As per instructions from our trusty guidebook we first went to the “Café Girasol” [Sunflower] to get a pamphlet of the self guided walk [by get I mean buy because it is a charitable community project]. Unfortunately it was a very poor map and/or whoever wrote it didn´t check with the local farmers that the paths either existed or were open to the public. Both the land owners we met were very pleasant and, even though one was shouting loudly and gesturing with his machete he was only doing what the British do when talking to someone who can´t speak the lingo i.e. talk louder and louder and try charades at the same time! We were, therefore, turned back twice and didn´t actually make it to the cross but we did get a good view of the town nestling in the bottom of the valley.
…we headed off down a track looking for one or more of the four small hamlets we had read about and which were supposed to be nearby. We don´t know whether we found any of the ones listed but we did have a great day out. There were signs of community living such as this well….
Matagalpa was the first, but not last, place that we encountered school children wanting to practice their English. The conversation went something like “Hello”, “Hello”, “Where are you from?”, “England”, “What is your name?”, “Mike/Claire”, “Goodbye” and off they would trot giggling with their schoolmates.
There is clearly a great willingness on the part of Central American people to welcome tourists and they are happy to put up with very poor Spanish and try to use their little English. We felt both welcomed and safe everywhere we went. The only place I probably wouldn´t have liked to wander – particularly at night – is Managua although the Lonely Planet doesn´t give the same level of warning for this capital city as for e.g. Tegucigalpa, Honduras or Guatemala City. So, strolling around in the evening was very pleasant ….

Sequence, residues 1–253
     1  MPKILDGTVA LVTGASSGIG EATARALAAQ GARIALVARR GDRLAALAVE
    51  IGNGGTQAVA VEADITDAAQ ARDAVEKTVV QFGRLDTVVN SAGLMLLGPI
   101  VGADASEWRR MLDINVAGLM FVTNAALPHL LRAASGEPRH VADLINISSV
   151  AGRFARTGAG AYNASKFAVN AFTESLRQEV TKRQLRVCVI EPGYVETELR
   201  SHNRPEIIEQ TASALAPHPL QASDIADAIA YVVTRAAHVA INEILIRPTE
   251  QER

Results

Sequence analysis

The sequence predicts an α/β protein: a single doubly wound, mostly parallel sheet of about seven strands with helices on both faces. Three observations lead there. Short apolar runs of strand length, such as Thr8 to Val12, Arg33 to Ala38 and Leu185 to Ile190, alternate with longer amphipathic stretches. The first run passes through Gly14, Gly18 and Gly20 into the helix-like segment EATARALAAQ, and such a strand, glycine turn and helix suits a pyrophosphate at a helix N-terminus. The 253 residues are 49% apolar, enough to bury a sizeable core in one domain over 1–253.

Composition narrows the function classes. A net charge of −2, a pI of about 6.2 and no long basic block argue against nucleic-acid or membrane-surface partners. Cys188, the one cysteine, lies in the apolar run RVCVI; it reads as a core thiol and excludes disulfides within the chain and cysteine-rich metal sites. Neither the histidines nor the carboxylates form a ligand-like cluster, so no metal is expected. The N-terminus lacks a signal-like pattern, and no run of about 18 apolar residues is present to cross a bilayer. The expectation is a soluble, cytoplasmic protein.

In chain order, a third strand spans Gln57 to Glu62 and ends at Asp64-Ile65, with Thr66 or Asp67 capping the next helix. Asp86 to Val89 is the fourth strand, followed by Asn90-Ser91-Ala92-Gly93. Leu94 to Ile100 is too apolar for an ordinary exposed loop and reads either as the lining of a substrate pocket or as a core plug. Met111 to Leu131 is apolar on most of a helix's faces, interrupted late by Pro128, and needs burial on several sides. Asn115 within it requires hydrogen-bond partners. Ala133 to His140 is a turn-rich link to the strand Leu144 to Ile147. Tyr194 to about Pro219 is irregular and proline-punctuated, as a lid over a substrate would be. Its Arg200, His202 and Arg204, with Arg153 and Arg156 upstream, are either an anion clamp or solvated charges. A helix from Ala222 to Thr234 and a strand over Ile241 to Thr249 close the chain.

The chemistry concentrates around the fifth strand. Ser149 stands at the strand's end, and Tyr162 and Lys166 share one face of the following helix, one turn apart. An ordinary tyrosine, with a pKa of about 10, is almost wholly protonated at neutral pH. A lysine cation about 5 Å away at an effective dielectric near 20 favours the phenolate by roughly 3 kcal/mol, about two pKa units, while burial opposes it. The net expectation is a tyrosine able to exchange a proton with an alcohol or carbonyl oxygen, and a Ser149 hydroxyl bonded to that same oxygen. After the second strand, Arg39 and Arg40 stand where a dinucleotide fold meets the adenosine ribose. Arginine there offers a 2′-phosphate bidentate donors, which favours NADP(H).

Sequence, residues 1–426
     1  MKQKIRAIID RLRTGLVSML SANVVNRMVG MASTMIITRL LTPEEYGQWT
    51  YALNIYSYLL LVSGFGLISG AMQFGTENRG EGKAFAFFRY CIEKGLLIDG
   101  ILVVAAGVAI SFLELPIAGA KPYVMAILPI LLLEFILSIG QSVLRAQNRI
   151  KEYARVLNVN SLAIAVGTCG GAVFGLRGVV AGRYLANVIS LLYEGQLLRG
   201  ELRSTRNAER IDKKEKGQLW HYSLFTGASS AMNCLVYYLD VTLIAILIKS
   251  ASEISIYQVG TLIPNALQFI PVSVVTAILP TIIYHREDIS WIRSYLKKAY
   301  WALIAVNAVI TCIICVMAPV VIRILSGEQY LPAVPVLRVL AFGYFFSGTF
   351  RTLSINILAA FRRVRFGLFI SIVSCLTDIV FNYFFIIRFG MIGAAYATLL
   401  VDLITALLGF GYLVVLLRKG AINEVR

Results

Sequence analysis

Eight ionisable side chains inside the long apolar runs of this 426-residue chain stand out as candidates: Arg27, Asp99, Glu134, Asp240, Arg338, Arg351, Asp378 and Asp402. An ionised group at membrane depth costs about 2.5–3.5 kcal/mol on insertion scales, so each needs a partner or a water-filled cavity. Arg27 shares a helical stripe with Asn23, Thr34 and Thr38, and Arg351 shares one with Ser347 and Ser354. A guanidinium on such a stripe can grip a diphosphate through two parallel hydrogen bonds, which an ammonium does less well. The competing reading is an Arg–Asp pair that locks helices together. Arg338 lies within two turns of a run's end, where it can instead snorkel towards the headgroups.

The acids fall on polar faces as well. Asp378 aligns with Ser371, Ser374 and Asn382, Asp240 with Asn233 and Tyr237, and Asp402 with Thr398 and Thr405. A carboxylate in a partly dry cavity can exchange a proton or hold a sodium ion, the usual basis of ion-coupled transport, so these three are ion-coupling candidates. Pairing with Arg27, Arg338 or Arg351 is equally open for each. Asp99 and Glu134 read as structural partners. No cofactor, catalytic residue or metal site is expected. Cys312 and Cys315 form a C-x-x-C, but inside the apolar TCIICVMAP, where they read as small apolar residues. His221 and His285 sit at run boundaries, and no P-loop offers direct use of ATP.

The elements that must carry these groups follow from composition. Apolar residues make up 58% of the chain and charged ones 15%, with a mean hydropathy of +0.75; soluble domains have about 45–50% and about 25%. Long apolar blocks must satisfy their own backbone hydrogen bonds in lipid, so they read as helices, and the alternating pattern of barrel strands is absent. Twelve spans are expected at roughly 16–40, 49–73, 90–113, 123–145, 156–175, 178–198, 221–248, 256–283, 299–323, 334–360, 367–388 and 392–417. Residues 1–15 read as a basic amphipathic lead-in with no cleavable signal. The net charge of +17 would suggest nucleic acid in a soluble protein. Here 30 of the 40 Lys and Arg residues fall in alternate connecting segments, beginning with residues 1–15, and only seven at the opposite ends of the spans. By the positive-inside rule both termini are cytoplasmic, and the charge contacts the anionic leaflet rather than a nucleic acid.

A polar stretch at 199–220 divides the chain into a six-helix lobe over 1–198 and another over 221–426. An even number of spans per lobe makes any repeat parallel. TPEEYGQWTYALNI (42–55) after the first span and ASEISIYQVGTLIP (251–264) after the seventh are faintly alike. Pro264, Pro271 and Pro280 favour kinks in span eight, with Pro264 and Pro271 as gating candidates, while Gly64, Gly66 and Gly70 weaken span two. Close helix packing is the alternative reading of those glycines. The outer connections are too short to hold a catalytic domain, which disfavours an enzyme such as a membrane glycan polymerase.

….being able to watch people doing everyday things be it chatting to a mate outside the “casino”, playing pool, gathering as a family at one of the street food stalls,or playing hopscotch [OK, so no hopscotch being played but it was there if you wanted to!]
The four photographs above were taken in Jinotega where we enjoyed what was probably the best steak we have had in Central America. It might not look much but it was beautifully cooked, cut like butter and the veggies were fresh and served al dente. Perfect.
Talking of food, we loved the “Macho” breakfast offered at a restaurant in León….
Well, I think its now time to move on to the enchanted kingdom of Ometepe. Indeed, the Lonely Planet even says “Ometepe is the sort of place that belongs in fairy tales or fantasy novels”. To get to Ometepe you have to take a ferry from Granada or San Carlos [twice weekly – 4hrs and 10 hrs respectively] or, as we did, the much more frequent 1 hour [approx] crossing from San Jorge, near Rivas on the PanAmerican highway.
The ferry ride was an adventure in itself. Everyone´s luggage was under the tarpaulin, two bikes were tied on [not quite cross channel ferry style!] and we, and four other backpackers were seated on a bench at the back. The funnel belched smoke which gave us a lovely black speckled look and then it rained, hard, so the guys who had loaded the boat lifted up the tarp and dived under, followed rapidly by us gringos! The rain cleared as we approached the island and we got our first close up view of Volcán Concepción, one of the two volcanoes which rise out of the lake to form Ometepe, the other being Volcán Maderas.